Ohio Gov. Mike DeWine signed a bill this week that establishes safeguards to prevent the spread of tuberculosis in the state’s childcare centers, nearly two years after it was introduced.
State Rep. Sara Carruthers, R-Hamilton, introduced in April 2019 House Bill 210 that passed the House in November 2019, but languished in an Ohio Senate committee until early December.
“Tuberculosis still remains a serious threat to many countries outside of the United States,” said the Hamilton lawmaker. “Ohio must remain vigilant in keeping our childcare centers safe and healthy to ensure this disease does not make a comeback.”
Under the bill, prospective employees for licensed daycare and preschool centers are required to be screened for tuberculosis as part of the hiring process. In addition, prospective employees who meet certain criteria outlined in the bill must be tested for the disease.
The legislation also allows local health departments or the Ohio Department of Health to receive public recipient information from the Ohio Department of Job and Family Services for purposes of a public health investigation.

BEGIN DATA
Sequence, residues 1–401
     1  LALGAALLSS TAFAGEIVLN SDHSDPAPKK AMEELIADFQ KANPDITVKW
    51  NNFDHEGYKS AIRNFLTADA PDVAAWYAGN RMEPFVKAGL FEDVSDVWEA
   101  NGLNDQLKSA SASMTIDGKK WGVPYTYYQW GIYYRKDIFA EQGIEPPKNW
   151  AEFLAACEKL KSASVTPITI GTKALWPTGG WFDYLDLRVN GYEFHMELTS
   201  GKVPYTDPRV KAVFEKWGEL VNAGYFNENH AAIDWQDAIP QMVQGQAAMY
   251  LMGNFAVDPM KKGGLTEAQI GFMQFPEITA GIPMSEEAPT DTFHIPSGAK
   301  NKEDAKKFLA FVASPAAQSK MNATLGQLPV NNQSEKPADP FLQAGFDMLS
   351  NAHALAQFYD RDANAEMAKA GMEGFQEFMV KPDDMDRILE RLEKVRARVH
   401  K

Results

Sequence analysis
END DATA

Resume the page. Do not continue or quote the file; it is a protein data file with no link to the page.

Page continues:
Tuberculosis is a contagious disease that typically attacks the lungs, but may attack other organs as well, according to testimony from the Ohio State Medical Association.
“TB is an airborne disease, meaning the bacterium spreads through the air when an infected person sneezes, coughs, or speaks,” according to written testimony by Monica Hueckel and Joe Rosato, of the OSMA.
They say a person may have either a latent or active TB infection. In latent TB, the individual is asymptomatic and cannot spread TB to others, but can develop active TB without treatment. With active TB, symptoms include weight loss, cough, or fever, and is contagious.